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  4. Young photographer captures 'real Bambi' in the woods, and it's INCREDIBLE!

Young photographer captures 'real Bambi' in the woods, and it's INCREDIBLE!

From the pictures, one could see a friendship bond between the bird and the deer. People do get confused when they see it, but interestingly, the bird was irritating the deer as they tend to feed on the tips of the mammals. The bird was trying to pick the insects of the nose and the ears of the Bambi.

Written by: Vani Mehrotra @vani_mehrotra New Delhi Updated on: July 24, 2020 12:44 IST
wildlife photography
Image Source : TWITTER / @AARZOO_KHURANA

Real Bambi captured at Ranthambore National Park in Rajasthan

Our story today is a real-life Bambi and her blackbird friend. Shot in the jungle by a young photographer, Aarzoo Khurana, the photograph captures a beautiful moment between the little deer and the bird. An advocate by profession, Aarzoo has been posting incredible photos on social media. 

IndiaTvNews.com spoke to Aarzoo to know what it takes to click a perfect shot in the woods. 

"I was surprised to learn that there was no friendship between the two, rather the deer was getting annoyed by the bird," Aarzoo said. "You find such things in the jungle. The bird was trying to feed on the insects in the deer’s body."

India Tv - wildlife photography

Image Source : TWITTER / @AARZOO_KHURANA

Young photographer Aarzoo Khurana captures Bambi at Ranthambore Tiger Reserve in Rajasthan

India Tv - wildlife photography

Image Source : TWITTER / @AARZOO_KHURANA

The image shows a real Bambi can be seen with a bird. The image was captured at Ranthambore National Park in Rajasthan

Where were these pictures clicked?

The Bambi was clicked at Ranthambore National Park or the Ranthambore Tiger Reserve in Rajasthan. 

What drew your attention towards the sight?

From the pictures, one could see a friendship bond between the bird and the deer. People do get confused when they see it, but interestingly, the bird was irritating the deer as they tend to feed on the tips of the mammals. The bird was trying to pick the insects of the nose and the ears of the Bambi.

How difficult was it?

We were on a tiger safari. It was monsoon due to which only the buffer zone of the park was open. On the way, we saw a herd of deer and some drongos hovering over them. We waited for a while and came across a young deer. I tried clicking him but he was a little too far. Gradually he came considerably closer to us, right in the middle of our jeep and the valley. At first, the drongo failed to retain its hold on the deer as he was constantly shaking his head. Our safari was about to get over in another 10 minutes and the driver wanted to leave that place to exit the jungle on time. The challenge was to convince him to wait for another 5 minutes, he somehow agreed and luckily, the drongo came and landed right on the nose of the Bambi. I aimed at the deer and captured whatever I could manage in tose 5 minutes. Interestingly, these images are among the most liked images clicked by me.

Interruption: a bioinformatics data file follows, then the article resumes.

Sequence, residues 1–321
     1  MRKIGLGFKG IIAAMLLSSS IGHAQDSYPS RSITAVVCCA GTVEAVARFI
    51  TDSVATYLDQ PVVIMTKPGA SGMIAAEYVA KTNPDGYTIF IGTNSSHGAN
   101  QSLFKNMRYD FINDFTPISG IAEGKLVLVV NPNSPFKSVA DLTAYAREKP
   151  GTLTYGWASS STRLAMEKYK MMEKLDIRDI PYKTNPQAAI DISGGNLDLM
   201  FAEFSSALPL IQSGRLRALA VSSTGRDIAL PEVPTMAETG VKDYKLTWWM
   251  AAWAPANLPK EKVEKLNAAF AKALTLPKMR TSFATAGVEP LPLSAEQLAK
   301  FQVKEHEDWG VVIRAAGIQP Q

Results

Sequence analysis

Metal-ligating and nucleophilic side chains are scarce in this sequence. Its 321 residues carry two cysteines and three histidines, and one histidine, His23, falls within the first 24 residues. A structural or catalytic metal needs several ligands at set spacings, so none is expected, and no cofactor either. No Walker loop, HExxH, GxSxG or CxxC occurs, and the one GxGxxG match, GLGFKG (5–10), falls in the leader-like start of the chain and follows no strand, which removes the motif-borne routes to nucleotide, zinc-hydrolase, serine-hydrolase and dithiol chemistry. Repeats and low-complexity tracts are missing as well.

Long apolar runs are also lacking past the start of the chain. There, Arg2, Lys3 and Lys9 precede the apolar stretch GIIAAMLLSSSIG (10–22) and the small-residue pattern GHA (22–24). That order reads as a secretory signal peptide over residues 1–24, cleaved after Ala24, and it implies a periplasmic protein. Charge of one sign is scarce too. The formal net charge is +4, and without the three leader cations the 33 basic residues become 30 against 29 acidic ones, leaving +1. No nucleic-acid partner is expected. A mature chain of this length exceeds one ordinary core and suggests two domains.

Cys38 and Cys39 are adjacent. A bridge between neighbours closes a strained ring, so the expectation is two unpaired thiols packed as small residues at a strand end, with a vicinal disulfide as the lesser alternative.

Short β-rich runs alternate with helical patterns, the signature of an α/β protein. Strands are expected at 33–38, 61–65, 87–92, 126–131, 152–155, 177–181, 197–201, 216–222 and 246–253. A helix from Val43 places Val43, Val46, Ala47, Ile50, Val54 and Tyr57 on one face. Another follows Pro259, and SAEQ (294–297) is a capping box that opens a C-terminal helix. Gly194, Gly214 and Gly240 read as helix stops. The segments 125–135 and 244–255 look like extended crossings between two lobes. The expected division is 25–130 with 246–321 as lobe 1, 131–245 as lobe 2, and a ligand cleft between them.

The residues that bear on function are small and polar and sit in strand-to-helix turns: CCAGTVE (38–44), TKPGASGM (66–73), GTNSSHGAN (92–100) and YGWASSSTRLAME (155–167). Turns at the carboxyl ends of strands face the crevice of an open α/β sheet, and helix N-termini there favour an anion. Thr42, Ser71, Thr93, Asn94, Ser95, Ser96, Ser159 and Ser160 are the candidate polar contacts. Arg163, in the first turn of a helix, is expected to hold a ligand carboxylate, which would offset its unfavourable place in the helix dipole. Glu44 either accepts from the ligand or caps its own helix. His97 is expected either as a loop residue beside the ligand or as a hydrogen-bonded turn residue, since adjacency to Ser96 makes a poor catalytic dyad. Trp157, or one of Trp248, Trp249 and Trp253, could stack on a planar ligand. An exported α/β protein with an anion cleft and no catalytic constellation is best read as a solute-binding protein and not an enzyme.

What challenges do different weather conditions pose?

Weather conditions in forests are always extreme. Talking of the Ranthambore National Park, the mornings are extremely cold during winters and tghe jungle is covered with fog, which makes it challenging to operate thcamera as your fingers tend to freeze due to extremely cold weather conditions. Also, wearing gloves while shooting in winters becomes an issue. During monsoons, we face other challenges as you always need to protect your camera from the mist or moisture in the air. During the summers, the scorching heat is a challenge besides the heatwave which spoils a number of shots.

How do you select the location?

All National parks have their charm. I shortlist the locations according to the weather and the kind of shots I wish to create. My preference changes with the season, the number of holidays I can afford and of course, my budget. 

India Tv - wildlife photography

Image Source : TWITTER / @AARZOO_KHURANA

In the image, a bird is seen annoying the deer as it attempts to feed on the tips of the mammal. The bird was trying to pick the tips of the nose and the ears of the Bambi

Which animal do you like clicking the most?

Big cats such as tigers are undoubtedly the most magnificent to shoot, but all species have their beauty. At times, clicking the picture of a tiger sitting in the bushes on summer noon in Ranthambore National Park may not solve your purpose, but a common kingfisher sitting on a dry branch right in front of the setting sun at Keoladeo National Park certainly can.

How do you manage being a wildlife photographer and an advocate at the same time?

I take out time and keep visiting these reserves after every 2 months. I also take workshops for students wherein I teach them photography along with the different things they need to take care of while shooting the wild. 

What are your plans on wildlife travel? 

I had planned on several trips to Jim Corbet and also to Ranthambore, Kanha and Pench. I had also planned on conducting workshops later this year. However, looking at the current circumstances, all my plans have for now been put on hold. 

Also Read | Photography as a career option? Here's an insider guide

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